More on the Teacher Shortage and the WASB’s Efforts

Reports from the Capitol suggest Gov. Walker may be signing  Assembly Bill 793 into law within the next week or so.  This bill creates a rural teacher loan forgiveness program by modifying the state’s existing teacher loan program to include teachers in rural areas.

The WASB Government Relations team worked with Rep. Romaine Quinn  (R-Rice Lake) to develop this legislation as a way to help rural school districts to attract and retain teachers.

The Higher Educational Aids Board (HEAB) currently administers a teacher loan program for students who meet certain eligibility criteria, including enrollment in a program of study leading to a teaching license in a teacher shortage field.  Eligible students may receive a loan of up to $10,000 annually for up to three years.

Under AB 793, HEAB must forgive 25 percent of the loan for each school year that the loan recipient: 1) is employed in a rural school district as a full-time elementary or secondary school teacher in a high-demand, teacher shortage field; and 2) receives a teacher rating of proficient or distinguished.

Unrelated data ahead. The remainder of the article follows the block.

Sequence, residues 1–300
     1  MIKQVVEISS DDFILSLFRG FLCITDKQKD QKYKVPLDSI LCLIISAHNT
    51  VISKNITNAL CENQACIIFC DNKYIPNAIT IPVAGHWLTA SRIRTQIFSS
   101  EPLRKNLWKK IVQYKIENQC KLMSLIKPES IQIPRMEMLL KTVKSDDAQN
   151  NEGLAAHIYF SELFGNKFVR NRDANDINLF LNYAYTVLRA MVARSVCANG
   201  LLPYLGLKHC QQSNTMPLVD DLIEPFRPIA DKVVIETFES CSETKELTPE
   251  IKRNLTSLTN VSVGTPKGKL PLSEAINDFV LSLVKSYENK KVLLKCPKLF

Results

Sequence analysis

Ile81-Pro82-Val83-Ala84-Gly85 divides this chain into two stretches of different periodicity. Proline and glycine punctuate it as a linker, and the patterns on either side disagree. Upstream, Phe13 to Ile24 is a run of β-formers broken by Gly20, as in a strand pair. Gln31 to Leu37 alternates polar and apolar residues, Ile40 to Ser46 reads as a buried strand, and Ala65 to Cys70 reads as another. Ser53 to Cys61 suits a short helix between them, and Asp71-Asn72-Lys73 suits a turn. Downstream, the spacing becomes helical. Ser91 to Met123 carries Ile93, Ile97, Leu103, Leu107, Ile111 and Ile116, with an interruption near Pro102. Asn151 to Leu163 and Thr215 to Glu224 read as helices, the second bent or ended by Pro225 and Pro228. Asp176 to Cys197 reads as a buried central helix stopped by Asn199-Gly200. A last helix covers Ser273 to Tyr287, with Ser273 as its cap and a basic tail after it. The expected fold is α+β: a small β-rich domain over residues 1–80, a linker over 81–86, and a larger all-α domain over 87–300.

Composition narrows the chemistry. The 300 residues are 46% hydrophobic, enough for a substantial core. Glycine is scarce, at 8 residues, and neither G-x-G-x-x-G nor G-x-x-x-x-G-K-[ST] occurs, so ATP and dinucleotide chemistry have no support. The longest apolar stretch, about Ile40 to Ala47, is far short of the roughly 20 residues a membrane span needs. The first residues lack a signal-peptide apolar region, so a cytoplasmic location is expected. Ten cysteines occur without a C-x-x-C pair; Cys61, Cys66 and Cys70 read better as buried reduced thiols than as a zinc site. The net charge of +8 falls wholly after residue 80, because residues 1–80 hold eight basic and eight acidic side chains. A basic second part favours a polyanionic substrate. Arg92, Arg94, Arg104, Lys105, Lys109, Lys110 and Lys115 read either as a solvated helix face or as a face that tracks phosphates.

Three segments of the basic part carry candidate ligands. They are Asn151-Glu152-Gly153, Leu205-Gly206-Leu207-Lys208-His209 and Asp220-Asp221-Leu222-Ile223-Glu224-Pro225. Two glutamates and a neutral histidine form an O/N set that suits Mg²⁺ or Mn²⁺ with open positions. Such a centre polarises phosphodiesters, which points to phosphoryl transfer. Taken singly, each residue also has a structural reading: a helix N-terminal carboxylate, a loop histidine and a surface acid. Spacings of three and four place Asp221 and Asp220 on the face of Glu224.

The WASB’s current Legislative Agenda places a priority on addressing the teacher shortage issue, including taking the following steps:

  • Urging the DPI to convene a high-level task force as soon as possible to examine best practices and evidence-based solutions for addressing teacher shortages from around the country and recommend necessary changes.
  • Recommending that a Legislative Council study committee be convened with a similar focus.
  • Working to restore regular “teacher supply and demand reports” of the sort that used to be prepared regularly by the UW-Oshkosh or by the UW-Whitewater.

We are  interested in hearing your thoughts on how teacher shortages are affecting your districts and what your districts are doing in response, as well as your ideas on how best to address teacher shortages.